British University to Create Three-Parent Babies

British University to Create Three-Parent Babies

Britain’s Newcastle University has just received permission to begin carrying out in vitro fertilization (ivf) using the dna of two women. If procedures begin right away, you can expect to see the first three-parent baby born by the end of the year.

Some diseases such as muscular dystrophy are caused by defective mitochondrial dna within an ovum. Newcastle scientists have developed a technique to extract healthy nuclear dna from an ovum containing damaged mitochondrial dna and insert it into a donated egg with healthy mitochondria. Many women are already interested in the treatment.

After confirming Newcastle’s license, Sally Cheshire, chair of the Human Fertilization and Embryology Authority (hfea) stated:

Patients will now be able to apply individually to the hfea to undergo mitochondrial donation treatment at Newcastle, which will be life-changing for them, as they seek to avoid passing on serious genetic diseases to future generations.

While many are praising this new technique, others are expressing concern over a procedure that tampers with the human genome. Life charity spokesman Mark Bhagwandin voiced his apprehension, saying hfea has “ignored the alarm bells and approved a procedure which will alter the human genome. It is at the very least reckless and irresponsible given that we have absolutely no idea what the long-term consequences are to us interfering with the human genome.”

This is reminiscent of actions taken by the United Kingdom in February 2016, which approved its first studies using crispr—a genome-editing technology that allows scientists to either clip out undesired traits or add desired traits—on human embryos.

Trumpet writer Dennis Leap reported on this in the April 2016 Trumpet magazine. In his article “Genetically Modified Humans Coming Soon,” he quoted Nature magazine writing, “Some say that gene editing in embryos could have a bright future because it could eradicate devastating genetic diseases before a baby is born. Others say that such work crosses an ethical line: [B]ecause the genetic changes to embryos, known as germ-line modification, are heritable, they could have an unpredictable effect on future generations. Researchers have also expressed concerns that any gene-editing research on human embryos could be a slippery slope towards unsafe or unethical uses of the technique” (April 22, 2015; emphasis added).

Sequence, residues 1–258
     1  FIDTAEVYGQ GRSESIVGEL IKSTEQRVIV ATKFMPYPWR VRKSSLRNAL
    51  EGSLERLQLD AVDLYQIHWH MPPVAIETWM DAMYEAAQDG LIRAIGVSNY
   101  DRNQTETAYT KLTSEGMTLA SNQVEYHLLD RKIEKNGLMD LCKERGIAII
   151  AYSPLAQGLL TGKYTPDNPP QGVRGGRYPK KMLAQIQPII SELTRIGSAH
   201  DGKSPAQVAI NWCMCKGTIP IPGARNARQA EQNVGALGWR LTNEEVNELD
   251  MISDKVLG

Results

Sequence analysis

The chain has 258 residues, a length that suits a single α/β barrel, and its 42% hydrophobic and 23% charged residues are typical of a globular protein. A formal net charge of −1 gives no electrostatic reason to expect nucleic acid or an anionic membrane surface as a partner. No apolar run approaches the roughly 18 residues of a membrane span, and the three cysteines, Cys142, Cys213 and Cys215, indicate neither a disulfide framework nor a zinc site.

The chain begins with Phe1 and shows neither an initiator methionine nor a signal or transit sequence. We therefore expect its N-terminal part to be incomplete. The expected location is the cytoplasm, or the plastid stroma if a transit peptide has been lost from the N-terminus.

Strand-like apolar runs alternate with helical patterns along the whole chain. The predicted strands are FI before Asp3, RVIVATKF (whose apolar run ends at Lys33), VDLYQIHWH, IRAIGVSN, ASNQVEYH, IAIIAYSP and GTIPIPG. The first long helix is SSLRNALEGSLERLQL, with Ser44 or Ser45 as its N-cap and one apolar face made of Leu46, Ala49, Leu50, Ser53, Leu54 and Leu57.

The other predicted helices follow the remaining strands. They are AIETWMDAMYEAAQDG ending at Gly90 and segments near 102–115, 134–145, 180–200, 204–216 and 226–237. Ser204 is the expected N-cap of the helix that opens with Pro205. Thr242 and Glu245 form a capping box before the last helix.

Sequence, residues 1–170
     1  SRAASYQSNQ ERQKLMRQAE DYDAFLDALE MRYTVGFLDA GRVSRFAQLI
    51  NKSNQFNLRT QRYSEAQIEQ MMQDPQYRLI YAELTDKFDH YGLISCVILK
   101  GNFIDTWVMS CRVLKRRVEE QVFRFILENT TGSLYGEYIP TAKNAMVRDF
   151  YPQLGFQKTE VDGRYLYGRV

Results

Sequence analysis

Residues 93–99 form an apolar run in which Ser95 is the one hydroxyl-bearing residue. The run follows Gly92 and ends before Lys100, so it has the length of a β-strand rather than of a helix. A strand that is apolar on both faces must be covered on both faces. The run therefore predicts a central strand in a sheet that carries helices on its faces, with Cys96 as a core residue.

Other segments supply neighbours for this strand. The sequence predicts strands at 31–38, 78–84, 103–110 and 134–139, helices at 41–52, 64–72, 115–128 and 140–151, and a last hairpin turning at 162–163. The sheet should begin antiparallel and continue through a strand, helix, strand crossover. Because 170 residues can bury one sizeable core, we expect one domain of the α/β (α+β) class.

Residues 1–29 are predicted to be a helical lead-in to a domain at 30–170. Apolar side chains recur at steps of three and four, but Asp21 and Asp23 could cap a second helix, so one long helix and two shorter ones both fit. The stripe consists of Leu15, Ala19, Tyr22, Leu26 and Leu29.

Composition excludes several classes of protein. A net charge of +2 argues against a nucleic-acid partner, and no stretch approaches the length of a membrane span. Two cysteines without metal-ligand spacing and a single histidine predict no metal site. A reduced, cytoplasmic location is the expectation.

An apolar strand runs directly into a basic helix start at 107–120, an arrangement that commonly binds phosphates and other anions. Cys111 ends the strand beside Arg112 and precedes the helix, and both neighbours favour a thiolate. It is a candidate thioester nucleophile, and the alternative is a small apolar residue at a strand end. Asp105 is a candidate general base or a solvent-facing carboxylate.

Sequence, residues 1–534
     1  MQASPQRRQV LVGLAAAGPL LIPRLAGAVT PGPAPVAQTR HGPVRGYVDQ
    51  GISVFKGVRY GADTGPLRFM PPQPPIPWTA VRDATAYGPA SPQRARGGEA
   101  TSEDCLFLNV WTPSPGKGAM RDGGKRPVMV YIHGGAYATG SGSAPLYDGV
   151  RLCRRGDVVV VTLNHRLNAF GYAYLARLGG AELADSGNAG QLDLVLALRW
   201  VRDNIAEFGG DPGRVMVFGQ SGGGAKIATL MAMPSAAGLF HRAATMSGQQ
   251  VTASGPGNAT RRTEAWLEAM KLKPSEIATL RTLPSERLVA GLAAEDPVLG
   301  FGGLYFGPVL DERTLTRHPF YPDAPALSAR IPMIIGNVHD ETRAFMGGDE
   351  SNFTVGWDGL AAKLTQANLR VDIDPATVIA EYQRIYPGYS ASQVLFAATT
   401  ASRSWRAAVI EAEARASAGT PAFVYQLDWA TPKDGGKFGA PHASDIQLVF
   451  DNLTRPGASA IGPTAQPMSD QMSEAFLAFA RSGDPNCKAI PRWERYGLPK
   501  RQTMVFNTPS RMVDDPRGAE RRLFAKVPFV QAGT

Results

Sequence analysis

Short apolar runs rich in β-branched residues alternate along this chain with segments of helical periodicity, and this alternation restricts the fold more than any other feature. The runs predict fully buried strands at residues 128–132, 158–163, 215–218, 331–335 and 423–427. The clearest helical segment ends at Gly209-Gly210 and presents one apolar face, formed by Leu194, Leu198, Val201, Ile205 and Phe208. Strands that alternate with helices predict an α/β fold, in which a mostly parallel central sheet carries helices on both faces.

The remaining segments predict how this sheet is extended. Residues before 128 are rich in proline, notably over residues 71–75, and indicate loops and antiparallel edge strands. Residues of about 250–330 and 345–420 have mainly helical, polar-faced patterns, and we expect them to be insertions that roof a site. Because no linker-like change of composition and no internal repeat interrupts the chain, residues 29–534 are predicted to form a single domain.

“What do they mean by slippery slope?” Leap asked. “Conceivably, with further enhancement to the crispr technology and given enough time, a master race, superkids or superarmy could be genetically designed.”

Any fetus tampered with by crispr is killed 14 days after fertilization, but this new ivf technique allows the procedure to carry out to parturition. Could this be a step toward allowing crispr to produce genetically modified babies?

Science continually seeks innovative ways to treat disease and sickness, but tends to ignore the causes for those problems. As we wrote in the January 2003 issue of the Trumpet:

Man sees a human body prone to sickness and disease, yet cannot bring himself to seek the real answer to the question, What is its cause? (Deuteronomy 28:58-61). …

Human beings simply have an ingrained habit of treating the effect of a problem rather than seeking out and dealing with its cause!

People believe they can grow crops better than God designed, birth better babies, and heal diseases that have been brought on by their sins against their own bodies. They even believe they could create a better human—if they had the slightest idea of how to begin! What nonsense. Our capabilities pale in comparison to the wonder we see around us. We have already been given the gift of life by Almighty God. If we were to follow His instruction, to live our lives the way He instructs, all of the problems we see extant on the Earth today simply would not exist! All those problems are simply the result of breaking laws which He intended that we obey! (1 John 3:4).

Many of the things we do to better our lives are an attempt to avoid the penalty of our abuse of God’s creation. Yet in doing so, we only break more laws, which incurs more penalties.

Mankind has been using science to circumvent the penalties that come from breaking God’s laws, even to the point of modifying His creation. To gain a deeper understanding on this subject, read “Skirting the Law.”